6 posts in the category “Guest post”

What’s your experience with accessing your electronic medical records?

Posted May 17th, 2016 by

Hi everyone! I’m Sally Okun, Vice President for Advocacy, Policy and Patient Safety at PatientsLikeMe. Most of you probably already know me, but just in case you don’t, I really focus on bringing the patient voice to affect better treatment, services and care, and to be sure that the needs of patients are at the front of healthcare discussions. I’m also the link between PatientsLikeMe and government and regulatory agencies.

And that’s what brings me to the blog today. The Government Accountability Office (GAO) is working on a new research study and they want to hear directly from patients like you about your experiences with your electronic medical records. Specifically the team at GAO is interested to learn about your experience accessing your health information electronically for viewing it yourself, downloading it to a computer or other device and/or sending it to someone else of your choosing.

Find out more below about the GAO, this new research project and who to contact if you’d like to participate.

The Government Accountability Office (GAO), an agency that evaluates federal programs for Congress, is conducting research to examine patients’ experiences with electronically viewing, downloading, or transmitting their health information, which will be incorporated into a publicly available report. GAO would like to hear directly from consumers to learn about any relevant experiences they may have had in this regard (e.g., viewing health information in an online patient portal, downloading health information into a personal health record app, sending/receiving health information to/from a physician).

If you would like to volunteer to discuss your experiences with GAO, whether positive or negative, please send an email with your first name directly to GAO at HealthInfoAccess@gao.gov by June 7, 2016. GAO will contact you to schedule a short, anonymous telephone interview at your convenience to discuss your experiences.

GAO will NOT collect any personal information during the interview, such as your full name or other identifying information. In addition, GAO will only ask questions about your experiences electronically accessing your health information, not any questions about the nature of your health information itself. Any information GAO collects from consumers will be published in a manner that protects your confidentiality and anonymity.

Let your voice be heard!

 

Share this post on Twitter and help spread the word.


A Q&A with Mara Gaudette, MS, CGC, Teratogen Information Specialist, MotherToBaby

Posted February 8th, 2016 by

MotherToBaby, a service of the non-profit Organization of Teratology Information Specialists (OTIS), is dedicated to providing evidence-based information to mothers, healthcare professionals and the general public about medications and other exposures during pregnancy and while breastfeeding.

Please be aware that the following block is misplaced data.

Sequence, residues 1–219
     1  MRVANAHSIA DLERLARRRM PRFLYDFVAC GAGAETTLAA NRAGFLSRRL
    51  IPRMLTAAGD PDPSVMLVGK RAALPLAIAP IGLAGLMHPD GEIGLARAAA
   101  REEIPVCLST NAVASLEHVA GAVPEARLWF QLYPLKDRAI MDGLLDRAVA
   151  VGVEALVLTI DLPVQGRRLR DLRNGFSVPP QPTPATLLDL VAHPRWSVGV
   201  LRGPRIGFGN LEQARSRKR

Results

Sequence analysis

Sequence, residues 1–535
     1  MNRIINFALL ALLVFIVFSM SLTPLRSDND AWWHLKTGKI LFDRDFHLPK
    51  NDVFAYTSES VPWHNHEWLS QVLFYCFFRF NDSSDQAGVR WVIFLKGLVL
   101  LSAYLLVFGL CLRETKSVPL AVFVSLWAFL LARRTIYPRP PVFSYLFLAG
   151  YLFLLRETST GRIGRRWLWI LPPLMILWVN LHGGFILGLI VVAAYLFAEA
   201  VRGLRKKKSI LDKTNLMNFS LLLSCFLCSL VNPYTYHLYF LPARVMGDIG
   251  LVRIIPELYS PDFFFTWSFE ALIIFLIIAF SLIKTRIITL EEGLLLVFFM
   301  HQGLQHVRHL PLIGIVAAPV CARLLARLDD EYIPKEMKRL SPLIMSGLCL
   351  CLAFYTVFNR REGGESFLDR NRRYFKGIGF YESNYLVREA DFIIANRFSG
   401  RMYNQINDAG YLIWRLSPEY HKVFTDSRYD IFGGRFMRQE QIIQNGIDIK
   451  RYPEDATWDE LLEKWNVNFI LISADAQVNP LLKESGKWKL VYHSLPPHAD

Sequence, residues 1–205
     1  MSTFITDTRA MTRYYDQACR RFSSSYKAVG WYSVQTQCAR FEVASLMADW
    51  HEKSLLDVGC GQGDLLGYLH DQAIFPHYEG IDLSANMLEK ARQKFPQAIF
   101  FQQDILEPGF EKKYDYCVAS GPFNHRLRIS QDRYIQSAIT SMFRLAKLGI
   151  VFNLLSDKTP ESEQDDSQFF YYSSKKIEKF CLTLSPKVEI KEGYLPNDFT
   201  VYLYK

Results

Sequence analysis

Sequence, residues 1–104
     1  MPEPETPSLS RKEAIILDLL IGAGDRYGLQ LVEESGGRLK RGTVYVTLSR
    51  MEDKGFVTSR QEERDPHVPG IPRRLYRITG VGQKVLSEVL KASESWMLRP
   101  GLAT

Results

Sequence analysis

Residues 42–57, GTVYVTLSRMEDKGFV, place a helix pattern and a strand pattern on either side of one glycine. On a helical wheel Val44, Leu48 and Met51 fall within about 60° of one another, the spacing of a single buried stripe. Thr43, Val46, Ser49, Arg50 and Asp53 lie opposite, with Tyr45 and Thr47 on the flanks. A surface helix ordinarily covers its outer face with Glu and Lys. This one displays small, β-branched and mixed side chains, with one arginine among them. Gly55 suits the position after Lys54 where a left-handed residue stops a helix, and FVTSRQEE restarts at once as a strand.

Check out our Q&A with Mara Gaudette, a certified genetic counselor with MotherToBaby in California. Mara also counsels women who participate in the MotherToBaby Pregnancy Studies.

Can you tell us more about MotherToBaby? What is your role at the organization?

MotherToBaby is dedicated to providing up-to-date evidence based information on exposures during pregnancy and breastfeeding. Common questions that we receive from women, their families, and health care providers are about over-the-counter or prescription medicines, vitamins and herbal products, alcohol and drugs, vaccines, infections, chemicals, and health conditions that a parent has. Our service is free and confidential. We offer a range of contact options, including phone, email, online chat, and text messaging.

In addition to providing information, MotherToBaby also studies the effects of certain medications and diseases in pregnancy. Our studies involve phone interviews; there are no needles, no medications, and no changes to your normal routine required. These studies add to the knowledge base of the effects of medicines and health conditions during pregnancy, so we can help future moms and babies..

The counselors at MotherToBaby all have specialized training but come from a variety of medical and research backgrounds including genetic counselors, nurses, pharmacists, and doctors. My main role is to respond to questions that we receive by email and online chat; I’ll research the exposure that a person is asking about, and then summarize what is known about the effects of that exposure. This information helps women and health care providers make more informed decisions to ensure a healthy pregnancy and a healthy baby.

How does MotherToBaby help pregnant women living with chronic health conditions?

MotherToBaby helps pregnant women by giving them access to the latest medical data on how their health condition and the medicines used to treat them may or may not affect their pregnancy or their breastfeeding infant. It is not uncommon for women to get lots of advice from their friends and family, the internet, and even strangers, but this advice may not be accurate. We want women to have access to accurate and unbiased information so they can make the best decision for their health and for their baby.